Radiological case of the month: Hyo-Jeong Lee, MD.
A 68-year-old man with a long history of uncontrolled hypertension presented with a single 4-minute episode of a generalized tonic-clonic seizure, and 2 days of fluctuating headache, visual disturbance, nausea, and vomiting. On neurologic examination, he was drowsy but able to follow simple commands. He had no focal neurologic deficit. The physical examination revealed a blood pressure of 230/75 mm Hg and no pedal edema. The fundoscopic examination was normal.
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Magnetic resonance imaging (MRI) and magnetic resonance angiography (MRA) of the brain were performed with a GE Signa LX 1.5T MRI scanner (GE Healthcare, Waukesha, WI). Contrast media (Magnevist, gadopentetate dimeglumine, Berlex Laboratories, Montville, NJ) was injected intravenously (0.1 mmol/kg body weight). The MRI showed bilateral symmetric vasogenic edema mainly involving the subcortical white matter in the parieto-occipital, posterior temporal, and posterior frontal lobes (Figure 1). The MRA of the vertebrobasilar system was unremarkable without any area of stenosis or vasospasm (Figure 2).
Posterior reversible encephalopathy syndrome
Reversible posterior leukoencephalopathy syndrome is a clinicoradiologic entity characterized by headaches, altered mental status, seizures, and visual loss and is associated with white matter vasogenic edema predominantly affecting the posterior occipital and parietal lobes of the brain. (1) There has been some controversy about what the proper term should be for this entity because MRI has shown that lesions can occur in both gray and white matter. Therefore, a new name, posterior reversible encephalopathy syndrome (PRES), has been coined. (2) Most cases of PRES occur with hypertension or immunosuppression, but it can occur with many diverse clinical entities. (1,3) Since PRES is often unsuspected by clinicians, recognition of the characteristic imaging findings by radiologists is key to diagnosing this syndrome and should prevent deleterious work-ups or therapies.
The pathophysiology of PRES is under debate, but it is related to disordered cerebral autoregulation. Two pathophysiologic mechanisms have been proposed regarding cerebral autoregulation--cerebral vasospasm, which results in cytotoxic edema, (4) and vasodilatation, which results in vasogenic edema. (5) The latter is more favored by most experimental and clinical data. (6,7) The pathophysiology of PRES also implicates endothelial dysfunction, especially in cases without severe hypertension, such as pre-eclampsia or cytotoxic therapies. (1)
The most characteristic imaging pattern in PRES is the presence of edema involving the white matter of the posterior portions of both cerebral hemispheres, especially the parietooccipital regions, in a relatively symmetric pattern that spares the calcarine and paramedian parts of the occipital lobes. (1) However, other structures (such as the brain stem, cerebellum, and frontal and temporal lobes) may also be involved, and although the abnormality primarily affects the subcortical white matter, the cortex and the basal ganglia may also be involved. (8) Although they are rare, gyriform signal enhancement or parenchymal hemorrhage can occur in complicated cases. (9) Recently, studies with diffusion-weighted sequences (6) and diffusion-tensor sequences (7) have shown increased apparent diffusion coefficients (ADCs) in the involved regions accompanied by anisotropy loss, which suggests reversible vasogenic edema as an underlying pathophysiology. Therefore, early diagnosis and treatment is essential for the patients' prognosis.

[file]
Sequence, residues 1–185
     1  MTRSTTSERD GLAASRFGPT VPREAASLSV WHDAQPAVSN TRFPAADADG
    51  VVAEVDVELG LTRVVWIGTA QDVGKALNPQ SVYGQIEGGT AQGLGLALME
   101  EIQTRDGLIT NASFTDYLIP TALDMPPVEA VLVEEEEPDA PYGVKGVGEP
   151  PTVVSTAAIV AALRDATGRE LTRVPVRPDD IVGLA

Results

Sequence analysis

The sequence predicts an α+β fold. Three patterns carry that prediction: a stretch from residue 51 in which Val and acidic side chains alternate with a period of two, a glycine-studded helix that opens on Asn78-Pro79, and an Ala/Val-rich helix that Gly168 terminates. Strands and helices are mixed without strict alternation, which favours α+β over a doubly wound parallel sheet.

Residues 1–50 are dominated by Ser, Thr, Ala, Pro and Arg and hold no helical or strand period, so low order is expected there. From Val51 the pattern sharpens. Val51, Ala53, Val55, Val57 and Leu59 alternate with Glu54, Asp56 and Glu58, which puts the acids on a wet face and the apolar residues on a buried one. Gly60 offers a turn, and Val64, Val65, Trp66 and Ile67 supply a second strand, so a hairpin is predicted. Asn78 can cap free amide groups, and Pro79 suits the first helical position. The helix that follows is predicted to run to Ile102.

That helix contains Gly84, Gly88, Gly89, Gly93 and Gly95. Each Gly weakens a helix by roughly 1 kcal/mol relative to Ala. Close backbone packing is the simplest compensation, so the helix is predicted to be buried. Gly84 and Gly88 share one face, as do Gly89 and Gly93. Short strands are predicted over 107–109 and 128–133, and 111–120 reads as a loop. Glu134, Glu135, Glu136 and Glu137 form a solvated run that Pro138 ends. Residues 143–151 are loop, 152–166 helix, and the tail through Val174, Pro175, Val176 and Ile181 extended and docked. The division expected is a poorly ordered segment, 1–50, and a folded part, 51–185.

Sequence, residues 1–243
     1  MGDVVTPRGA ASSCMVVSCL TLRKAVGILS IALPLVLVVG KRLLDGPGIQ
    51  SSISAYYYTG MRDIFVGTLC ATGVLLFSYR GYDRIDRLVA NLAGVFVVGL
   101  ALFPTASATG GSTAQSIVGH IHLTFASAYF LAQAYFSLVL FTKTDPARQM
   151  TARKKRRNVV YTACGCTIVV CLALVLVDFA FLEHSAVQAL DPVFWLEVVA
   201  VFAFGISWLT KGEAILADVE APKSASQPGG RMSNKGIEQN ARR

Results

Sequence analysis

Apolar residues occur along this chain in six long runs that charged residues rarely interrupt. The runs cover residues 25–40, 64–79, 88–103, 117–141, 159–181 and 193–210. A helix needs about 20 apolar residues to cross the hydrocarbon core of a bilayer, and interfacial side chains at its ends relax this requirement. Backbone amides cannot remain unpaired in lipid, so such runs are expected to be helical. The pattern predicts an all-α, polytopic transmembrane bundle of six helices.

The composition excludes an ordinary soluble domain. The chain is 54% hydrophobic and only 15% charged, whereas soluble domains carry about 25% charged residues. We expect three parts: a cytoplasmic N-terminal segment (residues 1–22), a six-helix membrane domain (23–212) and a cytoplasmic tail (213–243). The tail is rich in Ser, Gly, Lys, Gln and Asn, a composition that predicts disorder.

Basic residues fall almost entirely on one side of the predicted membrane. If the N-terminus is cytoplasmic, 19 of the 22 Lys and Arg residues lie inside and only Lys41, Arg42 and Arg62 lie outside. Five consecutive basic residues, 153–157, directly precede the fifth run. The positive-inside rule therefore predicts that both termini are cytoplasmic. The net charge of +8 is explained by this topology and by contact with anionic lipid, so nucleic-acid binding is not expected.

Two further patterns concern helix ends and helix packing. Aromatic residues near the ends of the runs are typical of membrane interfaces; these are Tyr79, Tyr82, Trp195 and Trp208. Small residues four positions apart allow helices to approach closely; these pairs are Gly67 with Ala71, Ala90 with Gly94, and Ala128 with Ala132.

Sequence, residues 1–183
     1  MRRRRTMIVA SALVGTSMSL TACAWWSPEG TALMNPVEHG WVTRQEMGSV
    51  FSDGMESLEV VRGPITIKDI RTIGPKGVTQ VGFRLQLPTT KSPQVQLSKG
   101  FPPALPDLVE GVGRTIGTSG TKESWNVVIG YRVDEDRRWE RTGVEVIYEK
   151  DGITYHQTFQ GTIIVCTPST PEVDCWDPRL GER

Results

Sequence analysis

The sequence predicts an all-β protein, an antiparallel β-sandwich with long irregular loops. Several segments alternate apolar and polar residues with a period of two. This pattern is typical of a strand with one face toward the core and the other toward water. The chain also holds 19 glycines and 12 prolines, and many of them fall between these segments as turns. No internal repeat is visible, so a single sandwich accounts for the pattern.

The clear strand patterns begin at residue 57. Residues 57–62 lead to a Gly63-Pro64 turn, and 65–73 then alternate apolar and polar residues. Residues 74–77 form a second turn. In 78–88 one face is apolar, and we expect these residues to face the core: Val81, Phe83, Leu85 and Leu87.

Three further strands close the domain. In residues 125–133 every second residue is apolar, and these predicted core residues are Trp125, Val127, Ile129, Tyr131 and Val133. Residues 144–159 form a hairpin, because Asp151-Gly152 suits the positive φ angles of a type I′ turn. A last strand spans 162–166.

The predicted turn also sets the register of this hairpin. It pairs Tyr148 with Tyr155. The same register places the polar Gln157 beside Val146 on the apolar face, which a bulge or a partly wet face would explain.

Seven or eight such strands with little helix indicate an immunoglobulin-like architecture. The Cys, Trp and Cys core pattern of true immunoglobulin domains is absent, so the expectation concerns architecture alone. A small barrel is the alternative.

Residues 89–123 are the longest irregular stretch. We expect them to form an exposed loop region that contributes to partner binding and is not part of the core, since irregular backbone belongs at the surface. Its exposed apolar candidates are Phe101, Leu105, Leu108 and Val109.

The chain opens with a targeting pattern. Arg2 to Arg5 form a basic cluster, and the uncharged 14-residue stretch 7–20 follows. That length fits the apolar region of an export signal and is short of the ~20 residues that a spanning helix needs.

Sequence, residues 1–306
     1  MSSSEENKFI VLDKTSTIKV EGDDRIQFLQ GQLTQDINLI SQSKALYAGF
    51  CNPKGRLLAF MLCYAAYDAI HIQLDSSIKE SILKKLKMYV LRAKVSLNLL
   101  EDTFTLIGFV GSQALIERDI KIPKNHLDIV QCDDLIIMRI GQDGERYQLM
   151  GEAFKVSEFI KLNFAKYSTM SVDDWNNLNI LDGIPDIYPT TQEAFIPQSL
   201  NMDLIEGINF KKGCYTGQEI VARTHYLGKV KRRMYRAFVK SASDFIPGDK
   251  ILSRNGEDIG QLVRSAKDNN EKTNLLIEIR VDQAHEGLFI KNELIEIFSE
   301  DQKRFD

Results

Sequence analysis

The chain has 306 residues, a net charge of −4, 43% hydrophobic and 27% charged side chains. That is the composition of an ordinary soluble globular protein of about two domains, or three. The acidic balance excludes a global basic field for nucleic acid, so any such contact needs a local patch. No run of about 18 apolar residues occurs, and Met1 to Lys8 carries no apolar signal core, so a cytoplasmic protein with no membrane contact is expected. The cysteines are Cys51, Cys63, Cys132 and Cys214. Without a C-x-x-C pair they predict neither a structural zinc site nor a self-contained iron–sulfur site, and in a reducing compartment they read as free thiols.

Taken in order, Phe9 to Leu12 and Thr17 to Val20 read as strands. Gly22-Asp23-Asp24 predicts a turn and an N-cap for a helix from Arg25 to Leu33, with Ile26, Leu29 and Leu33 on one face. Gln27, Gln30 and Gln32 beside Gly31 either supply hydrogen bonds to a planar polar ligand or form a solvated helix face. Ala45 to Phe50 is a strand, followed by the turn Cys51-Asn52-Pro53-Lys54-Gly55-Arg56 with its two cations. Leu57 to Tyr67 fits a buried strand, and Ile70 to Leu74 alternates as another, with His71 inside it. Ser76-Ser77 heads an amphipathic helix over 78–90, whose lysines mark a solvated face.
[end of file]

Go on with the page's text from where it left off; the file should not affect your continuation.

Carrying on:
Posterior reversible leukoencephalopathy syndrome is a clinicoradiologic entity associated with hypertension, immunosuppression, or many diverse clinical entities. Since PRES is often unsuspected by clinicians, recognition of the characteristic imaging findings by radiologists is key to diagnosing this syndrome and should prevent deleterious work-ups or therapies.
(1.) Hinchey J, Chaves C, Appignani B, et al. A reversible posterior leukoencephalopathy syndrome. N Engl J Med. 1996;334:494-500.
(2.) Casey SO, Sampaio RC, Michel E, et al. Posterior reversible encephalopathy syndrome: Utility of fluid-attenuated inversion recovery MR imaging in the detection of cortical and subcortical lesions. AJNR Am J Neuroradiol. 2000;21:1199-1206.
(3.) Port JD, Beauchamp NJ Jr. Reversible intracerebral pathologic entities mediated by vascular autoregulatory dysfunction. Radio-Graphics. 1998;18:353-367.
(4.) Lewis LK, Hinshaw DB Jr, Will AD, et al. CT and angiographic correlation of severe neurological disease in toxemia of pregnancy. Neuroradiology. 1988;30:59-64.
(5.) Strandgaard S, Paulson OB. Cerebral autoregulation. Stroke. 1984;15:413-416.
(6.) Schwartz RB, Mulkern RV, Gudbjartsson H, Jolesz F. Diffusion-weighted MR imaging in hypertensive encephalopathy: Clues to pathogenesis. Am J Neuroradiol. 1998;19:859-862.
(7.) Mukherjee P, McKinstry RC. Reversible posterior leukoencephalopathy syndrome: Evaluation with diffusion-tensor MR imaging. Radiology. 2001;219:756-765.
(8.) Lamy C, Oppenheim C, Meder JF, Mas JL. Neuroimaging in posterior reversible encephalopathy syndrome. J Neuroimaging. 2004; 14:89-96.
(9.) Schwartz RB, Jones KM, Kalina P, et al. Hypertensive encephalopathy: Findings on CT, MR imaging and SPECT imaging in 14 cases. AJR Am J Roentgenol. 1992;159:379-383.
Hyo-Jeong Lee, MD
Prepared by Hyo-Jeong Lee, MD, St. Vincent's Medical Center, Bridgeport, CT.
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|Article Type:||Case study|
|Date:||May 1, 2007|
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